The Women’s Power Strategy Conference

 Last weekend (or a few weeks ago—where do the days go#?!), I spoke at The Women’s Power Strategy Conference. We were a panel of four women and moderator, Patricia Davis, who had in common our creative work and coping with chronic illness and/or tragedy. Two of the women had unbelievably sad stories, but they inspired me with their courage.

I don’t find sad events depressing—they’re part of life, and I’m happy to be alive to feel things, both good and bad. I find superficiality, deliberate cruelty, competitive backstabbing and everything else along those lines depressing. Illness, loss, and all manner of catastrophes happen, and while I may find myself crying, it doesn’t pull the rug out from under me the way acts of deliberate treachery do. I think that in order to fully live, I must be willing to feel pain rather than rationalize it away.

And along those lines, I recently attended a memorial service for DJ Solomon Kahn. He was killed in an auto accident in Thailand at age 34—in the midst of a brilliant career and an exciting life—he and his fiancé were traveling—she was in the taxi with him, but survived the horrific crash. He and our son, Dylan, were friends since Jr. High days at Waldorf, and high school at Marin Academy. Solomon’s parents are Sufis…they concentrated on celebrating his life, rather than mourning (which I’m sure they did their share of in private). It was a crushingly sad event—we’re not built to have our children die before us. I saw a number of people I haven’t seen in years…we all saw the horror of his passing in each other’s eyes…but it was also a sharing of sorrow, and yes, a celebration of his life.

But back to the conference…Malissa Feruzzi Shriver was the keynote speaker. I was happy to hear her reference Brene Brown’s work twice during her speech. Girls Inc. was a part of the presentation, which offered a number of workshops designed to further empower women and girls. Anybody who thinks the Women’s Movement’s struggle for equality is over doesn’t have a vagina. The stats on pay discrepancies are despicable, as is the sheer volume of violence against women and girls. But like Solomon’s memorial service, the conference was a celebration of Women’s Power rather than a mourning of all the injustices that women endure daily. There was electricity in the workshops, excitement over new challenges and possibilities opening to girls.

Pete’s and my daughter, Natalie, went with me to the conference. She is a vibrant example of a powerful woman. While in college and again afterward, she worked with women and girls in rural Rajasthan, teamed with an Indian woman doing workshops on Women’s Health and Reproductive Rights, and teaching empowerment techniques from Augusto Boal’s, Theatre of the Oppressed. They traveled from village to village, working with child brides and orphans.  She also gave Classical Indian Dance lessons to lower caste girls…an unheard of thing to do! During her times in India, she often found herself in substandard living conditions (rats and roaches, etc.) and was assaulted once, robbed twice, yet she describes her time there as magical and amazing. For her, it was all about the hearts of the people she came in contact with, as well as the beauty and rich culture of the place. She doesn’t see what she’s done as particularly extraordinary—it’s just her life story and it’s still in progress…she’s now married to an equally socially conscious, intelligent (and handsome) man, and they went back last year to the villages and taught English and Computer Skills to the girls. Currently, she is doing social work at Cedars of Marin.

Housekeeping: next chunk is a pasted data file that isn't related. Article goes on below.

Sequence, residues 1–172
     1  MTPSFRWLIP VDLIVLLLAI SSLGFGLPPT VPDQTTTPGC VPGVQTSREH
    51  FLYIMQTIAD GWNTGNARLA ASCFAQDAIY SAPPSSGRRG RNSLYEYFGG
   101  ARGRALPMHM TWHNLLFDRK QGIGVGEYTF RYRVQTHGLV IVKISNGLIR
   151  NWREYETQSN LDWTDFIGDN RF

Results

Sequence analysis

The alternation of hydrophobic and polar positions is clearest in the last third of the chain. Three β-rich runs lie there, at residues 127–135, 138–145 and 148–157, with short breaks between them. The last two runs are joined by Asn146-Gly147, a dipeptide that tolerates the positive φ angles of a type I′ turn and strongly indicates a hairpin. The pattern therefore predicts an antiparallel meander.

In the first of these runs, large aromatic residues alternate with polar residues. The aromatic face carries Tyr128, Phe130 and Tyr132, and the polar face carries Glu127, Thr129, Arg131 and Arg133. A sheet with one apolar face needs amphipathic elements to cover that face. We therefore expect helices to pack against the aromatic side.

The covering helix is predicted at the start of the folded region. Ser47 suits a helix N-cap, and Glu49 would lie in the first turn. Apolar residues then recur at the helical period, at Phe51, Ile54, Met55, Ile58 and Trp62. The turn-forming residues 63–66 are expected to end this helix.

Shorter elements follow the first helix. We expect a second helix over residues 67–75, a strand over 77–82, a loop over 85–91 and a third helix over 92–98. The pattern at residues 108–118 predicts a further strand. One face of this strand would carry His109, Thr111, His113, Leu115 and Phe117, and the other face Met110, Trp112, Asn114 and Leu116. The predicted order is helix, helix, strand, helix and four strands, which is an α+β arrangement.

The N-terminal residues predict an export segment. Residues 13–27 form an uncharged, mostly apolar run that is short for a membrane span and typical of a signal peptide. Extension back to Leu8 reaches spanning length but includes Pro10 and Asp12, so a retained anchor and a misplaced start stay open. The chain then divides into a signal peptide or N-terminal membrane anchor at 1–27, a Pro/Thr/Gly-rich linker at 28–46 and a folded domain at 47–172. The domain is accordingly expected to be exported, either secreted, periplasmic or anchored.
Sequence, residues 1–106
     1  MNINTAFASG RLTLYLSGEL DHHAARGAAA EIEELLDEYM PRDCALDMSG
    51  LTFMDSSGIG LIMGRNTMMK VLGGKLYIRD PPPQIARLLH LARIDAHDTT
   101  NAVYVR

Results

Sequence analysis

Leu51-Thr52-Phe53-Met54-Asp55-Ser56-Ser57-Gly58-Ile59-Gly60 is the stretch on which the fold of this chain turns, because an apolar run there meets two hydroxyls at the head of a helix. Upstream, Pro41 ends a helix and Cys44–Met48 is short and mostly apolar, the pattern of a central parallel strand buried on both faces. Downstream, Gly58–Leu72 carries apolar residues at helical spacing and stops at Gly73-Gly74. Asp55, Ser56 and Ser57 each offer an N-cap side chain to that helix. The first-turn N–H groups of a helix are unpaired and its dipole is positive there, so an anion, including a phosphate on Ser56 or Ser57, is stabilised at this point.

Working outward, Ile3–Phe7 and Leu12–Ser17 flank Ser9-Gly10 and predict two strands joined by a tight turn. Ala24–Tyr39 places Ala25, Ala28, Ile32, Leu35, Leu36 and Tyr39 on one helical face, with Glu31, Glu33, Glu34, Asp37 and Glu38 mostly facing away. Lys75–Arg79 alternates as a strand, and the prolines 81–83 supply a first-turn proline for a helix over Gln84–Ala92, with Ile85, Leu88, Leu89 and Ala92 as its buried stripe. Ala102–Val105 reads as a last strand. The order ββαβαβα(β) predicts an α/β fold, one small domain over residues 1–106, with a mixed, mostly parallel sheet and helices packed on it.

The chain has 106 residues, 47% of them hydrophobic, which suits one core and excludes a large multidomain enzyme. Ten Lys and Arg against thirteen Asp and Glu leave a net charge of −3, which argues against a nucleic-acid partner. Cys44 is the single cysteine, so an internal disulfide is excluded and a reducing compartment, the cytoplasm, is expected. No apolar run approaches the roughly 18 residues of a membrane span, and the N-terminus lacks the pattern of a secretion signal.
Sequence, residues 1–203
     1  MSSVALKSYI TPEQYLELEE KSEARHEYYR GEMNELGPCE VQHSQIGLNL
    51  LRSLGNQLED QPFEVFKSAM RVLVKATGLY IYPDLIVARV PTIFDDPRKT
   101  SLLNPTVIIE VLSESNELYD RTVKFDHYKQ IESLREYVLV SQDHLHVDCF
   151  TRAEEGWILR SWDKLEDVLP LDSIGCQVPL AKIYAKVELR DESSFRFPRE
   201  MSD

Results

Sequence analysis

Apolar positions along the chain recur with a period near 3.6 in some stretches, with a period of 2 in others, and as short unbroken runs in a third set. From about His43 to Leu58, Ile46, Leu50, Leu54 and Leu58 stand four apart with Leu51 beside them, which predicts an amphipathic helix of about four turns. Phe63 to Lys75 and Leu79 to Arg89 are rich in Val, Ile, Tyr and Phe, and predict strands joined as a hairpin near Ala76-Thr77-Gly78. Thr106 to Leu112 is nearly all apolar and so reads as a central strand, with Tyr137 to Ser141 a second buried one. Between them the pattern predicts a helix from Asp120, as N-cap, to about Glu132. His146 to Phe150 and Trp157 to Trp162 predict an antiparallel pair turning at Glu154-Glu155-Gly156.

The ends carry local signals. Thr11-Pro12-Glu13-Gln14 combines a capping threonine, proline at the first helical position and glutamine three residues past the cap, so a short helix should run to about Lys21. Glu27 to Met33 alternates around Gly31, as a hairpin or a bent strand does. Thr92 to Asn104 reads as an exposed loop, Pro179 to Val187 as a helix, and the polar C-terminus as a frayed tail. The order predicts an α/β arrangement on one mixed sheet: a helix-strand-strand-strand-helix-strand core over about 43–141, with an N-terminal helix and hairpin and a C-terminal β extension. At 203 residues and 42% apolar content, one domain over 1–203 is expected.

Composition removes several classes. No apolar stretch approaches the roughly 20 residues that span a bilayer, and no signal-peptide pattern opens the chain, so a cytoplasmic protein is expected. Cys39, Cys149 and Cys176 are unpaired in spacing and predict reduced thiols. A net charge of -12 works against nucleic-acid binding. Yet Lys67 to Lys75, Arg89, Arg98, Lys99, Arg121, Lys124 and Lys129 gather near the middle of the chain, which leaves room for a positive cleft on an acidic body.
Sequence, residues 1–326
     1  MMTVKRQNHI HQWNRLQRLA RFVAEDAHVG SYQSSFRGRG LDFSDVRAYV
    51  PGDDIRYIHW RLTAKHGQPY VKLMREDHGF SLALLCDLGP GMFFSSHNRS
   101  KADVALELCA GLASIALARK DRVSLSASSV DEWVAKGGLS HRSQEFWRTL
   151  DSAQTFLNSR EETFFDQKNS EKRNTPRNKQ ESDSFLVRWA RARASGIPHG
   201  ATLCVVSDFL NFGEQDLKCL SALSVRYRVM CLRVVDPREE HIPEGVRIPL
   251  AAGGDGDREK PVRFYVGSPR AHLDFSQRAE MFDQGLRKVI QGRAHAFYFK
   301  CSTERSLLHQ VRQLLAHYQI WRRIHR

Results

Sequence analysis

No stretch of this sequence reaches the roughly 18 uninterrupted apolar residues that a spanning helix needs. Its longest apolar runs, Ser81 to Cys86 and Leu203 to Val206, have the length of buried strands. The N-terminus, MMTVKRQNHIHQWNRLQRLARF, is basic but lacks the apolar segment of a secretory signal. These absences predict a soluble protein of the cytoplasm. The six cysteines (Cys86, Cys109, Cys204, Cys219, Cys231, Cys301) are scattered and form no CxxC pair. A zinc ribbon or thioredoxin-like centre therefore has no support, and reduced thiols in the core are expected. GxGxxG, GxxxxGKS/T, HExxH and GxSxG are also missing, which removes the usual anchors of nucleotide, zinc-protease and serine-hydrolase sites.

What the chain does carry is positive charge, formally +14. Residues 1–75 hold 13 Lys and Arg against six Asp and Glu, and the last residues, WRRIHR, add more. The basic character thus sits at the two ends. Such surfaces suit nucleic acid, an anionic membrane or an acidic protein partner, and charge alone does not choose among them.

When I look at both of our grown children, their partners and their friends, as well as all the adult children of our extended community (including an Iraqi student, our beloved Farah, whom we hosted for two years), I feel optimistic about the future. They are all more aware of global issues, both environmental and human rights, than I was at their ages. And they all seem to be doing something to help make the world a better place. Events like the Women’s Power Strategy Conference add more fuel to the flame that warms women around the world. Together, working in cooperation with each other, we lend each other strength to further women’s power.

This entry was posted in Uncategorized. Bookmark the permalink.

2 Responses to Conferences

  1. Shemrah says:

    Dear Jeannette,

    I agree that it is by working together, various groups coming together for a common cause, that we add more fuel to the flame that warms girls and women around the world. I recently attending a conference on human trafficking (modern day slavery), a difficult issue for many people to accept as a real time problem, here in the US and globally. I was encouraged by the many people and representatives from governmental, law enforcement, non govermental organizations ( NGO)s, clinicians and artists, all coming together under one roof to make a commitment to Stop It. Many innocent men, women, boys and girls are currently enslaved, a good 12.3 million worldwide. But, I am convinced that when enough of us stand together, long term change can occur. I admire you, and your family for the pioneering work that you have done and do on behalf of our sisters and brothers in need via thoughtful poetry, music, courage and deed. In my opinion, the beauty of pain is that it presenst us with an opportunity for growth and evolution. It is wisdom making. Thank you.

  2. Lifting spirits. Here is yet another great example of focusing on the parts that are working and highlighting them to empower, teach, and lift. Your daughter must have brought a lot of smiles to those ” lower caste girls” through dance and I’ll bet just interaction alone.

Leave a Reply

Your email address will not be published. Required fields are marked *